English philosopher and political economist John Stuart Mill argued that people learn by choosing: this is how they become creative and productive individuals. For this reason, and because he felt that individuals are typically the most capable people to make their own choices, Mill was highly skeptical of restrictions on choice placed by a third party, such as the state.

Mill famously separated actions into two categories: (1) self-regarding actions that do not affect others; and (2) other-regarding actions that do affect, and may harm, others. In the former category he placed thought and discussion, tastes and pursuits, and association, and these were to be entirely unrestrained (On Liberty, pp. 224-25).1 On Liberty is especially concerned with other-regarding actions, which might impose harm on others, since it is here that social control might “rightfully” be exercised over the individual.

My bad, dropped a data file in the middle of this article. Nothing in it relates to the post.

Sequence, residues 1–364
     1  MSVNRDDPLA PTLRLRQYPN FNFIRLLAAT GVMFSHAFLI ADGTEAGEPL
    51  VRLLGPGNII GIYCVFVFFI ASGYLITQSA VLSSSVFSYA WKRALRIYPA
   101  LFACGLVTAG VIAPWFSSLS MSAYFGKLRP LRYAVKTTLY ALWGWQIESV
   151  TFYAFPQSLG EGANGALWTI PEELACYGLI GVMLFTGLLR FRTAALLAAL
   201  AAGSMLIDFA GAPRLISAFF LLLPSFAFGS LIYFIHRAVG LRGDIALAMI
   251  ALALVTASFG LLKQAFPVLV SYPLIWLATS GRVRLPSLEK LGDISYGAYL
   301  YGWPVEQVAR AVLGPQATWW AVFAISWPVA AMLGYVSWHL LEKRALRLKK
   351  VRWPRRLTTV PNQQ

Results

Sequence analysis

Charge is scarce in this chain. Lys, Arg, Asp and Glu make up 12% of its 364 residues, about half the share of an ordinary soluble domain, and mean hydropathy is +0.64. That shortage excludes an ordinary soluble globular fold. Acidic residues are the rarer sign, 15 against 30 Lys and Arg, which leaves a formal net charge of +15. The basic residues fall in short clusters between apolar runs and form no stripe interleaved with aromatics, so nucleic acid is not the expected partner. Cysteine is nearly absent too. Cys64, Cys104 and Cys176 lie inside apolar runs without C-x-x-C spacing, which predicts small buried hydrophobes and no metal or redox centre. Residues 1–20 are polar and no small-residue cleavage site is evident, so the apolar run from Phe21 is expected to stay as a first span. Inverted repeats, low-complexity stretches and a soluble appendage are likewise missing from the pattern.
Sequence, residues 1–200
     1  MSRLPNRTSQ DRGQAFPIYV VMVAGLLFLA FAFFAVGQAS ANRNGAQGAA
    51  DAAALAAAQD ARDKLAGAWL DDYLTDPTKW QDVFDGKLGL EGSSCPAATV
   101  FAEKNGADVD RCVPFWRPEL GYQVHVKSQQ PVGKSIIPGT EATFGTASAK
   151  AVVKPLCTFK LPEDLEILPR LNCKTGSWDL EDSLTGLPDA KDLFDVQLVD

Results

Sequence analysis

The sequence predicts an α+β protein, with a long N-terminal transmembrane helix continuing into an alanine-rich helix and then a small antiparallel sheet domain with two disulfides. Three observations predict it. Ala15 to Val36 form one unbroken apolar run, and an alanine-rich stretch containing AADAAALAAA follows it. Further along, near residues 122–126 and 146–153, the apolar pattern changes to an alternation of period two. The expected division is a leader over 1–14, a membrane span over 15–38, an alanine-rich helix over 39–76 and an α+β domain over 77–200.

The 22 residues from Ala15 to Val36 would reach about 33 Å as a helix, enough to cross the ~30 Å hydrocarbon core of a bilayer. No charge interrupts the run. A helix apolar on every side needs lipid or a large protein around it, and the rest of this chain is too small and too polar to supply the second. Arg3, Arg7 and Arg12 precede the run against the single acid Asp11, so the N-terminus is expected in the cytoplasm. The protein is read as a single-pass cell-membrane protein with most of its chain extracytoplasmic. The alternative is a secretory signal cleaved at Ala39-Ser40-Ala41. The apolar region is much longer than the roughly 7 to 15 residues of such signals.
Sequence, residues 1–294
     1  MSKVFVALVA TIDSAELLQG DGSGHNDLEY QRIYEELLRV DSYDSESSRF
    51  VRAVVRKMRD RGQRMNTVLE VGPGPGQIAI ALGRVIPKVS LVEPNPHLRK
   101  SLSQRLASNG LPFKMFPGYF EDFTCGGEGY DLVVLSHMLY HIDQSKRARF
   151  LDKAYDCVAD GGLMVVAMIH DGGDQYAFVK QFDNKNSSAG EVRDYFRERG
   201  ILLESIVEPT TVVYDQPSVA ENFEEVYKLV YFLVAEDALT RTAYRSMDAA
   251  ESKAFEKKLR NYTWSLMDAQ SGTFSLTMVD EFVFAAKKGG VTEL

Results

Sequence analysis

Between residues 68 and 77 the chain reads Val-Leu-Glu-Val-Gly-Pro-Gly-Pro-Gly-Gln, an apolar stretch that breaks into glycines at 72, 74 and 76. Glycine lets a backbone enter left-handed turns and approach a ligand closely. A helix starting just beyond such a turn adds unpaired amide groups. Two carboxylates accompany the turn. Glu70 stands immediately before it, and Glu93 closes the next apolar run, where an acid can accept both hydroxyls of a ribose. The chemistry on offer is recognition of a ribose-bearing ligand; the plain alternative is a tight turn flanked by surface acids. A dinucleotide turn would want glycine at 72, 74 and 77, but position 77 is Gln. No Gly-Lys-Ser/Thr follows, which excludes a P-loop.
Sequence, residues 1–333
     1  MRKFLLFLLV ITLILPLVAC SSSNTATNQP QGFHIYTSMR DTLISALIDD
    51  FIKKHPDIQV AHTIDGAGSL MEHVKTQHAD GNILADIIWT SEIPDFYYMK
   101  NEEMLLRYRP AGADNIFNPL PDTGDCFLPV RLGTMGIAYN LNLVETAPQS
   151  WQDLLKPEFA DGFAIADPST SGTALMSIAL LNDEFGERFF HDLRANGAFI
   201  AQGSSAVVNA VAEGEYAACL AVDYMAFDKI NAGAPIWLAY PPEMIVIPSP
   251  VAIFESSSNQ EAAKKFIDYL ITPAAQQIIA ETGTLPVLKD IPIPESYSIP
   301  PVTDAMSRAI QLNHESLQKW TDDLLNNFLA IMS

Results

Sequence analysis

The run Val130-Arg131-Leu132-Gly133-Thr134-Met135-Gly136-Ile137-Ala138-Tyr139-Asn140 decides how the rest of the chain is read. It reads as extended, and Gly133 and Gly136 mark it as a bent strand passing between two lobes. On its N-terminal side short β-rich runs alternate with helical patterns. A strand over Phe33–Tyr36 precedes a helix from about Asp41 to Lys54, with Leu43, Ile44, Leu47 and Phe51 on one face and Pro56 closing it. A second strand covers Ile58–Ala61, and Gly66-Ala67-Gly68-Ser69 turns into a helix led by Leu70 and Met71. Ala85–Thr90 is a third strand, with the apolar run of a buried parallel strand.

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Copyright © 2023, The Fraser Institute.

The definitive version is available at: Essential Scholars Series, The Fraser Institute (May 2023).